Setting the Contrast and Color Levels Tonality Correction

Correcting tonality will improve the quality of almost any image. GIMP offers several options to do this.

The Levels options (tonality correction) can be found via Tools > Color Tools > Levels or Colors > Levels.

The most striking effect in the Levels dialog is the Input Levels curve, which is referred to as the color histogram of the image. Initially, it is created from the image's RGB color channel (Channel: Value).

The curve shows how the color lightness values are distributed in the image. In the recently modified miami.tif image, you can see that the curve starts a short distance from the left margin and ends before the right margin. Roughly speaking, this means that the image does not possess "real" black values (shadows). It also tells you that the image has only a small amount of "real" white values (highlights).

Underneath the histogram are the numerical values for the image's lightness (Output Levels). There is also a black-to-white gradient bar, which corresponds to these values. You can move the triangles under the gradient to change the lightness of the image. This tool works similarly to the settings in the Brightness-Contrast dialog. However, you'll probably find that the handling of the Brightness-Contrast dialog is more comfortable.

Figure 2.46

The Levels window.

Figure 2.46

The Levels window.

Directly underneath the histogram curve you find another gradient bar. Just below, you see black, gray, and white triangles that correspond to the shadows, midtones, and highlights in the image. These are initially positioned at the margins of the histogram window and in its center.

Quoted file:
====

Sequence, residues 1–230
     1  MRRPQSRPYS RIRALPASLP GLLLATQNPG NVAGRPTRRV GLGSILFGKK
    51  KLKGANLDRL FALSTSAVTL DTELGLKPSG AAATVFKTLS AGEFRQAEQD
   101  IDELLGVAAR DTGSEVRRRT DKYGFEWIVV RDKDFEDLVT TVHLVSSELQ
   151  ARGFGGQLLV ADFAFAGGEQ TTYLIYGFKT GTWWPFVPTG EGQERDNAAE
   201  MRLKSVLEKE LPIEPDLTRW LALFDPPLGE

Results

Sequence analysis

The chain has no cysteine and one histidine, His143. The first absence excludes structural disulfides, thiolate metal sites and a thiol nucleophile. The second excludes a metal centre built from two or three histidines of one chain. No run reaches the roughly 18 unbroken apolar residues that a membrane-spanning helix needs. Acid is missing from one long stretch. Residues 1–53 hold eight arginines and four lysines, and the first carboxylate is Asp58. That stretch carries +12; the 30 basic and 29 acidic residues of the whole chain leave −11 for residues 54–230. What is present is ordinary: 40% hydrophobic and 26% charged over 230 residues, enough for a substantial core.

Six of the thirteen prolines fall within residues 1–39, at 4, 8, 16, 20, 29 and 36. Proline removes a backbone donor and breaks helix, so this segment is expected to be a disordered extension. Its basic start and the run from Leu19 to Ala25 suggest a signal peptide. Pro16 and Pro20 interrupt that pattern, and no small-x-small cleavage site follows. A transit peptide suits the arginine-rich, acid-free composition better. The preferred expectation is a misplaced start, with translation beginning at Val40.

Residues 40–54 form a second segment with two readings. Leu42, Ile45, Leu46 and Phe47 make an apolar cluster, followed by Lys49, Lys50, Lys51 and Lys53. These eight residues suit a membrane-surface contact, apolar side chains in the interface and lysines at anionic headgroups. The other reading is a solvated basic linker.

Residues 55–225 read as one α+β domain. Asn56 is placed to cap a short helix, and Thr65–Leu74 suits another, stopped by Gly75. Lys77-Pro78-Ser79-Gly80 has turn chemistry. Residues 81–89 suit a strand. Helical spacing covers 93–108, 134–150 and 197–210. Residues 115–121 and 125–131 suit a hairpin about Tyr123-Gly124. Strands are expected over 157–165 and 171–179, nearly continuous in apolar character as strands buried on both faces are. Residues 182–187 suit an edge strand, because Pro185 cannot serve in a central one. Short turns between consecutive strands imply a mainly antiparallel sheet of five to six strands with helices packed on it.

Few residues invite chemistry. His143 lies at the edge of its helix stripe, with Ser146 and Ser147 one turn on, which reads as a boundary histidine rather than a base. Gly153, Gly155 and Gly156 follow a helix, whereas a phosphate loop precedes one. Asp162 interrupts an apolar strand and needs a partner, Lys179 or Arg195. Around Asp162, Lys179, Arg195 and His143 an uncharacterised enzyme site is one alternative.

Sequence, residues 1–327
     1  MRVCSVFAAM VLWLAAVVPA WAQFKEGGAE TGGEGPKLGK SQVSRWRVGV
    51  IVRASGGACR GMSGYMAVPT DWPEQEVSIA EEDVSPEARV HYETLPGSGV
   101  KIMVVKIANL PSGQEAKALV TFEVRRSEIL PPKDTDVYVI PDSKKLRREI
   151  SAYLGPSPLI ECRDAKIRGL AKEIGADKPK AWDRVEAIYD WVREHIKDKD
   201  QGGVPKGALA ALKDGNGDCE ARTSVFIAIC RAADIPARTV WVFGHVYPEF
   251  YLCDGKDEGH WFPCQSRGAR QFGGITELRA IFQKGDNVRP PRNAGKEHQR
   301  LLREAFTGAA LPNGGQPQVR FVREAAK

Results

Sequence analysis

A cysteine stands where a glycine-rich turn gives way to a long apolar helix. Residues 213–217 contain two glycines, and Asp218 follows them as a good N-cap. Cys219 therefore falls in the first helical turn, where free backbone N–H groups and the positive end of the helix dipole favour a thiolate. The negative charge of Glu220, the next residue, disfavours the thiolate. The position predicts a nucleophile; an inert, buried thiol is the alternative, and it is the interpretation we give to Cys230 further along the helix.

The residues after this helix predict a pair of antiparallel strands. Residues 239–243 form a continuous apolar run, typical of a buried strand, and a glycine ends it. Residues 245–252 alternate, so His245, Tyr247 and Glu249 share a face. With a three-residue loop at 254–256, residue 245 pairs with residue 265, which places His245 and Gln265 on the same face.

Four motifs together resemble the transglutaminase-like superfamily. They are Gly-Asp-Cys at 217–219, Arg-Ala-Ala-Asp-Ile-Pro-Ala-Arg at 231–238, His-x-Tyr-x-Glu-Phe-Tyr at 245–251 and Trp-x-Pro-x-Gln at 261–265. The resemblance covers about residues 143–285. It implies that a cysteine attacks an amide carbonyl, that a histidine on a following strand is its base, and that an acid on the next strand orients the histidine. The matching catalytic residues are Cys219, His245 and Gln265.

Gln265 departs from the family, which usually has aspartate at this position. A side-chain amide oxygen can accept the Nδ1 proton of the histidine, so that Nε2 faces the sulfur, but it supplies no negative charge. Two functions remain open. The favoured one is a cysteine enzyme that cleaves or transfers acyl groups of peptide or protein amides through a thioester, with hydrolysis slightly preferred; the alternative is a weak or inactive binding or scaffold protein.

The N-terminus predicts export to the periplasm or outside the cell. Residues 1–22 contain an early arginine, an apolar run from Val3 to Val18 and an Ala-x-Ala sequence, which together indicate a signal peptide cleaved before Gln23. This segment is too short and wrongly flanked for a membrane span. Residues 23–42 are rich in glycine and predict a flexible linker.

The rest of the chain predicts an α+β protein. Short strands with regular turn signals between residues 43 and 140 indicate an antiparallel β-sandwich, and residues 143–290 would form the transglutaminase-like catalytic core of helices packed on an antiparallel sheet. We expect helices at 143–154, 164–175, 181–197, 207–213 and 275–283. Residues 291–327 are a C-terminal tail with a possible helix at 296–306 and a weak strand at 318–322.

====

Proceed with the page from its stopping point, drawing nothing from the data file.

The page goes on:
By moving these triangles from the border into the area of the histogram's curve, you can adjust the brightness values of the image toward the target values. If you move the black triangle to the right, just under the histogram, the dark colors in the image become darker. Accordingly, the bright colors become brighter when you adjust the white triangle. You can correct the brightness of the midtones by moving the gray triangle, which increases the color gamut and contrast of the image.

Make sure the Preview option is checked in the Levels dialog so you can see the effect of your changes as you edit.

When you are satisfied with the result, click OK to confirm your changes.

CHAPTER 2

USING GIMP: CORRECTING AND TOUCHING UP YOUR IMAGES

Figures 2.47

Comparing the image, before and after

Figures 2.47

Comparing the image, before and after

At the top of the Levels dialog is a Preset drop-down menu. Since GIMP 2.6, you can find this in almost all program windows. You can use this menu to name and save your settings.

Click the Channel: Value drop-down menu (top left in Figure 2.46) to edit each of the red, green, and blue color channels individually. This is important when working with color cast images (more about this later).

To the right of the Channel: Value menu, you'll see two additional buttons. If you hover your cursor over these buttons, you'll see that the left button is called Linear and the right button is called Logarithmic. Depending on the button you select, the representation of the histogram curve will change. The logarithmic method is more data intensive, thus also more exact. The histogram you see when you select the linear method is more significant, so this is the method that was chosen for this exercise. For most images the logarithmic histogram is smooth and quite flat.

You also find buttons represented by black, gray, and white eyedropper icons. If you select the black eyedropper and click on an area of the image that should be set in pure black, the program will recalculate the lightness values. The same holds true for the white eyedropper. Using the black and white eyedroppers may be sufficient to obtain a good tonality correction. The additional gray eyedropper can be used to set the midtones of the image. This can be helpful when working with colorcast images because it tells the program what hue you want to assign to a gray shade (e.g., a shadow on a white surface).

If you wish, you can open the image with the settings that you just made for further editing in the Curve function (gradation curves) by selecting the Edit these Settings as Curves button.

The Reset button allows you to discard your settings without closing the window.

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  • isaias
    How to edit photo tonal in gimp?
    4 months ago

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